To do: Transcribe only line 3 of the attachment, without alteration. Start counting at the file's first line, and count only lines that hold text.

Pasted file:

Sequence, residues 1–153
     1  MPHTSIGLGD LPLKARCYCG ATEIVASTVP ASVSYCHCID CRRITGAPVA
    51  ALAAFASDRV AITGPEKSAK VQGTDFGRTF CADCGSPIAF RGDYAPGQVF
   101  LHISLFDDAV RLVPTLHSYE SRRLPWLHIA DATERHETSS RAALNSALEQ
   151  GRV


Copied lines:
    51  ALAAFASDRV AITGPEKSAK VQGTDFGRTF CADCGSPIAF RGDYAPGQVF